But surely you can talk to a partner right? This is a person with which you want to travel through life.
And yet, this is so often not the case.
“I wish my partner would come here to talk about this stuff with me” is one the most common laments I hear during meetings of the Portland Integrative Finance Community.
It seems like we have a lot of partners who aren’t communicating about finances.
And this is troubling for all sorts of reasons.
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Fear of misalignment
I think people don’t want to communicate about money with their partners for some of the same reasons why their don’t talk about it with their friends: shame, guilt, all those toxic feelings which causes us to check out and avoid the important topics.
But with partners, it can get much more intense. This is because the way one handles money works in lockstep with how one plans and organizes one’s life.
And there is a great fear there: the fear that partners don’t align in their values.
One person wants to save up a down payment and buy a home. The other wants to buy right now (because the market!) or maybe doesn’t want to buy at all.
One person wants to go on a vacation. The other thinks they should be saving their money.
One wants to keep track of their expenses. The other one doesn’t want anything to do with it.
Faced with these potential incompatibilities, many couples check out, do their own thing, don’t work together. Or, just as bad, let one person make all of the decisions.
And whether you’re sharing finances or not, this can have drastic and far-reaching issues for a relationship.
What we talk about when we talk about finances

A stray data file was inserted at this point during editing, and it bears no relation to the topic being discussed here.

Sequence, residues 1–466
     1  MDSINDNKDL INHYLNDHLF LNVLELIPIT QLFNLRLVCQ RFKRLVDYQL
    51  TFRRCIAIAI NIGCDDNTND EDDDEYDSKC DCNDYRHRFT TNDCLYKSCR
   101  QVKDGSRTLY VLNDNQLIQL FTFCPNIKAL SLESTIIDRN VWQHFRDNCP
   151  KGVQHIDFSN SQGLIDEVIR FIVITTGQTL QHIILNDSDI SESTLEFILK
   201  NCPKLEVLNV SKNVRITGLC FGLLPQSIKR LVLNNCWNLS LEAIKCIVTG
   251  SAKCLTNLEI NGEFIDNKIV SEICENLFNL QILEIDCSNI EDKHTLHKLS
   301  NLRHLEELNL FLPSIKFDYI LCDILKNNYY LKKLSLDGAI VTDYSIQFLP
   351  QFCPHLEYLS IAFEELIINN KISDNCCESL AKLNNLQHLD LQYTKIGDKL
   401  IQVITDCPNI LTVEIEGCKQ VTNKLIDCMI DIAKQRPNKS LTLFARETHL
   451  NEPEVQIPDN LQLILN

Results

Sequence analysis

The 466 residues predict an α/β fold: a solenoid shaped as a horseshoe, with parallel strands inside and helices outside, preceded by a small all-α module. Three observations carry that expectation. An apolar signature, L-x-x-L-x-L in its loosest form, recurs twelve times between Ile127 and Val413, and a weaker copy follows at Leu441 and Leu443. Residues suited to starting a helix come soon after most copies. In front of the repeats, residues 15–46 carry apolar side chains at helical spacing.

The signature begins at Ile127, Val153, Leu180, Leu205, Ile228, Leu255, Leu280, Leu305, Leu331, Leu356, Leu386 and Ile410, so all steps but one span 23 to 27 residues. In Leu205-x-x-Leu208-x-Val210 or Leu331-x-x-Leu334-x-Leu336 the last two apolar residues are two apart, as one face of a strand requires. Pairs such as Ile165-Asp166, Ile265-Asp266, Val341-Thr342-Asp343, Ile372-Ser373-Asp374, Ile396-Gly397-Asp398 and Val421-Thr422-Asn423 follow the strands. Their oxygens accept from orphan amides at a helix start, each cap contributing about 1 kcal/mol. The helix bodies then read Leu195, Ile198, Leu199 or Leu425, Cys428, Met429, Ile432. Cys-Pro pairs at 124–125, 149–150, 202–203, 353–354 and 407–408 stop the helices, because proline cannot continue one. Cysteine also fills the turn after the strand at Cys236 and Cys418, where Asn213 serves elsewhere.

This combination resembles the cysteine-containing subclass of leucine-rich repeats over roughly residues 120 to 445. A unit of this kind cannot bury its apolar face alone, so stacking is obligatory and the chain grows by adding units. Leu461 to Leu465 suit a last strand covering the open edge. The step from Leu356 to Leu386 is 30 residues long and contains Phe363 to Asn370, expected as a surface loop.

I posit that talking about one’s finances, and the emotions that accompany them, are vital to a successful and fulfilling relationship.
“But Mike“, you say, “my partner doesn’t want to talk about these things!”
Maybe it’s worth trying to figure out why. Are they feeling intimidated or, worse judged? (Might you have contributed to this?) Moreover, if someone is avoidant, they may see the task a chore rather than an opportunity for increased connection.
And make no mistake, that’s what it is. Talking about finances can very much be a connecting, loving experience.
Why? Because we’re not just talking about money; we’re talking about dreams.
Have you been frustrated that your partner doesn’t want to help balancing your budget? If so, perhaps you haven’t explained what it means to you to do that. Perhaps you’ve only described it in terms of “more money” or “financial well-being” or other abstractions, when in actuality what you’ve really been talking about is the ability to achieve goals, goals that you can share together.
Maybe you’ve been talking too much about the numbers and not enough about the feelings.
And if you’re someone who would rather perform your own hone dentistry than talk about budgets, maybe it would be easier for you if you saw a connection between doing the work now and the benefits you can reap because of the work.
Getting on the same page
“But Mike,” you continue, “what if it turns out that we’re not on the same page?”
I’d argue that that’s normal, up to a point. We partner with people who are presumably similar to us, but aren’t the same. We each have our own order of importance to things. And everyone has their own level of risk tolerance.
That said, I believe we all share similar desires. I think we all want the best for ourselves and our loved ones. We want security and safety. We want the ability to have choices.
The variations are often just in the details.
And if all else fails
“But Mike,” you continue, “what if it turns out that we’re really incompatible?”
There are only certain things on which you can compromise. You can potentially compromise on the type of house you want to live in or when to buy or rent. But you can’t compromise on having kids. It’s an either-or.
And sometimes, when one airs one’s dreams, one finds out a painful truth: your dreams might be incompatible.
But even then, that’s a reason to have these conversations, not hide from them.
Not to minimize the pain of realization, but wouldn’t you want to know you were incompatible now, rather than have it trickle out over the course of years?
I’d say it’s best to move on sooner than later.
That said, I’d argue that the majority of incompatibilities between partners stems from different ways of communicating rather than fundamental incompatibilities.
Start with dreams. Let the money discussions happen from there, afterward. You will be glad you did.
But enough about me. How do you communicate with a partner about money?